Use this graphic to select the best type of information source for your needs.
|Source||Best for||Intended Audience||Watch for/Consider|
Newspapers are best for:
|Newspapers are intended for a general audience||
When using newspapers, you should watch for and consider that:
Magazines are best for:
|Magazines are intended for general audiences, or those with a specific, recreational interest (e.g. sports, fashion, sciences, etc.)||
When using magazines, you should watch for and consider that:
Professional or Trade Publications are best for:
|Professional or Trade publications are intended for professional organizations or professionals and scholars with similar interests||
When using professional or trade publications, you should watch for and consider that:
Scholarly/Academic journals are best for:
|Scholarly/Academic journals are intended for scholars, researchers, professionals, and university students in a particular field||
When using scholarly/academic journals, you should watch for and consider that:
Books are best for:
|Books are intended for a variety of audiences, from general audiences through scholars.||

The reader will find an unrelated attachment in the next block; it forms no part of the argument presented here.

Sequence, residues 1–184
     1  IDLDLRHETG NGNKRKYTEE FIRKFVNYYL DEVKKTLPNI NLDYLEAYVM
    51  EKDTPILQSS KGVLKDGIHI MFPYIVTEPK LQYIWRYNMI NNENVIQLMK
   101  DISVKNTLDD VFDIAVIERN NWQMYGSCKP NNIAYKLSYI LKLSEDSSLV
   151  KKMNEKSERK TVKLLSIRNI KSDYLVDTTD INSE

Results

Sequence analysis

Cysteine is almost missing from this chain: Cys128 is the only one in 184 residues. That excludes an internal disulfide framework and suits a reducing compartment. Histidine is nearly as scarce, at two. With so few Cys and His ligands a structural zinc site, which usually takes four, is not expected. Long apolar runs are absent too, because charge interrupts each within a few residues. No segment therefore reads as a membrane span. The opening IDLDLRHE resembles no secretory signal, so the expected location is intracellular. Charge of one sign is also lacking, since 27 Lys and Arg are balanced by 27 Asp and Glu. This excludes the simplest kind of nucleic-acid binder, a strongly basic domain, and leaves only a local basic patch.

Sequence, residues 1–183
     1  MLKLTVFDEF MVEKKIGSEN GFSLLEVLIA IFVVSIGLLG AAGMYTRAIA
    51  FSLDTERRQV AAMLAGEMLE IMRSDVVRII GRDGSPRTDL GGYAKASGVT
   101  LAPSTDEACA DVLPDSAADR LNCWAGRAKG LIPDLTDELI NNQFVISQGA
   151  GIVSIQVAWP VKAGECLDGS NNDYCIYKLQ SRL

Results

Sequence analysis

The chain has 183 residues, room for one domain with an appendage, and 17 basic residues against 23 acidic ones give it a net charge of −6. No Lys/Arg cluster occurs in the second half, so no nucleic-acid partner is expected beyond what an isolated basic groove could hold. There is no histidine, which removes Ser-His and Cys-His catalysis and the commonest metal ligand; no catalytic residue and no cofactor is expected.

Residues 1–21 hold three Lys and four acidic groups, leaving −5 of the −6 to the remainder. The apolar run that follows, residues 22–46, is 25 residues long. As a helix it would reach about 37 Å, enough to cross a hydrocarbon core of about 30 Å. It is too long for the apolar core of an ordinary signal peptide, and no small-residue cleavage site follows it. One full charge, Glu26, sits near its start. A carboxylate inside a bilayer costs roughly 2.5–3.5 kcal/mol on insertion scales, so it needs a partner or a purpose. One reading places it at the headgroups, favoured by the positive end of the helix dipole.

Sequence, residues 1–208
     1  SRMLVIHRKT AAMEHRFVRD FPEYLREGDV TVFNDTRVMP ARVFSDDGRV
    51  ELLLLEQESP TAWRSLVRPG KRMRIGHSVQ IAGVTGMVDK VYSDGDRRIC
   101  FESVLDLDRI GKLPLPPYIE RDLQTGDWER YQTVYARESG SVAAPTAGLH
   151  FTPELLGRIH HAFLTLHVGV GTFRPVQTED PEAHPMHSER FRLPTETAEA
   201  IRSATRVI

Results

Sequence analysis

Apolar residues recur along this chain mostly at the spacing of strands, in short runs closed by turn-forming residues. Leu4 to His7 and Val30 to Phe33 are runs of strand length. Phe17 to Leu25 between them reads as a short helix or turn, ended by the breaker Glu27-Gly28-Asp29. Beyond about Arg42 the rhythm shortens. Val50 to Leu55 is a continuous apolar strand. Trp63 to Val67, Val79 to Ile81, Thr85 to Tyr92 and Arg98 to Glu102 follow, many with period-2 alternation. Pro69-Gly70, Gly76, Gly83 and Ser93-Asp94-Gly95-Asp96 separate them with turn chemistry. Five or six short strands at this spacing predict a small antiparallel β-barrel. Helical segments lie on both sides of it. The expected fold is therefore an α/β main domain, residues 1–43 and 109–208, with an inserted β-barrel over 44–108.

When using books, you should watch for and consider that:
Websites are best for:
|Websites are intended for a general audience||
When using websites, you should watch for and consider that:
Understanding the information cycle can be particularly important when you are searching for information about recent topics. Watch the video below to learn more.
If the video is not opening, this may be a browser issue associated with Flash. Try viewing in Firefox.
You can see the infographic and follow the instructions below.
What is the Information Cycle?
The Information Cycle is the progression of media coverage of a particular newsworthy event. Understanding the information cycle will help you better know what information is available on your topic and better evaluate information sources covering that topic.
After an event, information about that event becomes available in a pattern similar to this:
THE DAY OF: Television, Social Media, and the Web (ex: CNN, Twitter, blogs)
THE WEEK OF: Newspapers (ex. New York Times, Chicago Tribune)
THE WEEK AFTER: Magazines (ex. Time, National Geographic)
MONTHS AFTER: Academic/Scholarly Journals (ex. The American Political Science Review, Journal of American Medical Association)
A YEAR AFTER & LATER: Books, Government Publications, and Reference Collections (Popular Titles, encyclopedias, government reports)